Quinten and I have been researching the use of green spaces and urbanity in Canadian children’s literature. My current research is concerned with finding primary sources that use green spaces such as gardens, the countryside, fields, and forests as the setting for the plot. I found that most of my research had led me to Indigenous picture books because the indigenous culture inherently values animals, plant life, and nature. Throughout all the Indigenous picture books, the earth and the landscape have a symbolic significance of their cultural beliefs. There are many illustrated books on the Northern Territories, and the Arctic, which are written in various indigenous languages, such as Cree, Inuit, and Metis. For the most part, these stories are adaptations of the oral storytelling narratives that are traditionally shared generationally within Indigenous communities. Therefore, they heavily emphasize the desire for family, respect for the land, and the virtue of moral integrity.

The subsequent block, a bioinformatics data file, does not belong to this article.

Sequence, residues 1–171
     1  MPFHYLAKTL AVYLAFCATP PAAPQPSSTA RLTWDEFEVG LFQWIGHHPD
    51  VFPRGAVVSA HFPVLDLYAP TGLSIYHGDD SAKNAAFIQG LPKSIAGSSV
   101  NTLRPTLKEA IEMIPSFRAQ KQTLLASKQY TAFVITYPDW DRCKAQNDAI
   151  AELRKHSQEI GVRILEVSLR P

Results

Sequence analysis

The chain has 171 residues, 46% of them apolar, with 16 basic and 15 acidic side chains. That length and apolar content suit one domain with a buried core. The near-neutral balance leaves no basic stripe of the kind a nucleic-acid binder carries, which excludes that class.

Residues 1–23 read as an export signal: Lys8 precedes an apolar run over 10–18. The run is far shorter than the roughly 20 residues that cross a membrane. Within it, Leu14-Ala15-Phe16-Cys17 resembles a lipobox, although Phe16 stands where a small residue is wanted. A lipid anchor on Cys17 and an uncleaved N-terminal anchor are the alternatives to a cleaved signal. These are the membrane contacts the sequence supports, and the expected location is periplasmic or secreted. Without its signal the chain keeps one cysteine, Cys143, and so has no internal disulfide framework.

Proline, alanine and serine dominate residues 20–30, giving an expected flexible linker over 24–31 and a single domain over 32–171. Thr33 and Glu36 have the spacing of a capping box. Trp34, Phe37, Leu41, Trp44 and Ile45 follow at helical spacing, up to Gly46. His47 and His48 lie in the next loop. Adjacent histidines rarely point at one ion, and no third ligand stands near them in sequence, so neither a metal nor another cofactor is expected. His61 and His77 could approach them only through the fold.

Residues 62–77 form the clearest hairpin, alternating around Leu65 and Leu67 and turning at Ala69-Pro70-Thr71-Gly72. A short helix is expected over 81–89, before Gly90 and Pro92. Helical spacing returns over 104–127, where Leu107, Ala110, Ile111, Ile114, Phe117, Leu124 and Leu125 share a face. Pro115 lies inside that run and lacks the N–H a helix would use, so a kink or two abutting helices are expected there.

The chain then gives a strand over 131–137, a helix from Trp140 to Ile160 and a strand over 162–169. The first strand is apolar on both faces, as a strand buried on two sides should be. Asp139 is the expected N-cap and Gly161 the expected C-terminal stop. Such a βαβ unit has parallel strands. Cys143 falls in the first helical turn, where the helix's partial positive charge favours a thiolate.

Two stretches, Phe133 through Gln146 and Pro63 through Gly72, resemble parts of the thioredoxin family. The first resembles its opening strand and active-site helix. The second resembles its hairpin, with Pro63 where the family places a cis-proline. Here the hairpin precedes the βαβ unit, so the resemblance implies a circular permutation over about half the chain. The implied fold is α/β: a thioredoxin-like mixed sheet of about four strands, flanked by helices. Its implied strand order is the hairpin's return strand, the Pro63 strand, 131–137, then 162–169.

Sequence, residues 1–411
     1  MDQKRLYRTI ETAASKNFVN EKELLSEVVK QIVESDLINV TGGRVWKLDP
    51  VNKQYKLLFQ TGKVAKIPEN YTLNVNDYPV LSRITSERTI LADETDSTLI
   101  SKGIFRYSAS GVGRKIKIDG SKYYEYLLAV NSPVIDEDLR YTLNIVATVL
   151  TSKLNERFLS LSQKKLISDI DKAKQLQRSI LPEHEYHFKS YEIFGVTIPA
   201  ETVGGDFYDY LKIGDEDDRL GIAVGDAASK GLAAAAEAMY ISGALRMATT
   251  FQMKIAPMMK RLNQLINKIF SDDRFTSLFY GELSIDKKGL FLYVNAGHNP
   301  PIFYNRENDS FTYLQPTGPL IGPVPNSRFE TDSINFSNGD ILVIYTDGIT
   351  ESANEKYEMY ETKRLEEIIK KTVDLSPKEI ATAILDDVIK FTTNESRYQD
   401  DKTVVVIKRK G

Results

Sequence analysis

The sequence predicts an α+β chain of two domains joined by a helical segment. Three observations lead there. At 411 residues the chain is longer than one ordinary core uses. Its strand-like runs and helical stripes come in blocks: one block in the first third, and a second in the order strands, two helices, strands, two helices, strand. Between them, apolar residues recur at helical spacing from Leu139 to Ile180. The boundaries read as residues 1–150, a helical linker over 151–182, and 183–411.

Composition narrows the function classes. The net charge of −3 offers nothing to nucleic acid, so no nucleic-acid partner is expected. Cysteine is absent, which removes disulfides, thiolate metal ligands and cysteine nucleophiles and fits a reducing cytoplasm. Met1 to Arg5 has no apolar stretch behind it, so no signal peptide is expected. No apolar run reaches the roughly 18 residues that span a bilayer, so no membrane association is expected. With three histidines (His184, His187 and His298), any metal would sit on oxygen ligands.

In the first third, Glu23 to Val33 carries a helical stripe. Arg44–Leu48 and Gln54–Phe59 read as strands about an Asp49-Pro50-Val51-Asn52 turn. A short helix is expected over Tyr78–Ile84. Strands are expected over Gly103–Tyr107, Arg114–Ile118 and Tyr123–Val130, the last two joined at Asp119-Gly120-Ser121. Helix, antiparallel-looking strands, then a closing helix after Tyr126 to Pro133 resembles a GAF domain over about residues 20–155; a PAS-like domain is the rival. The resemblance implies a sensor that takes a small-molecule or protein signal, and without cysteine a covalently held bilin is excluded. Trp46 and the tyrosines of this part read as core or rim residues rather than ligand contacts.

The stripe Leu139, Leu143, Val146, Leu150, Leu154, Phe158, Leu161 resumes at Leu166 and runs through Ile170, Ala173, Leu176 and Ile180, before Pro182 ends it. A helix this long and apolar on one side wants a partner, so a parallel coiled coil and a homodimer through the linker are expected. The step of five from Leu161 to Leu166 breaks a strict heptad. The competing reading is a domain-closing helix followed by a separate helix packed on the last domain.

In the trilogy, My Arctic series written by Michael Kusugak, the main character Agatha is a young Inuit girl, and her experiences told in the books are heavily based on the experiences of Kusugak in the 1950s. Agatha shares the stories her grandmother told her about the raven, the experience she had going away to an English school, and the time when she saw an evil aircraft fly over her village. The narrative is a retelling of an indigenous child’s perspective during the Canadian industrial revolution. Kusugak reimagines the stories by empowering the young girl as being heroic, brave, and nurturing. The picture book series takes on a post-colonial perspective by giving a voice to the indigenous people and land that had been colonized.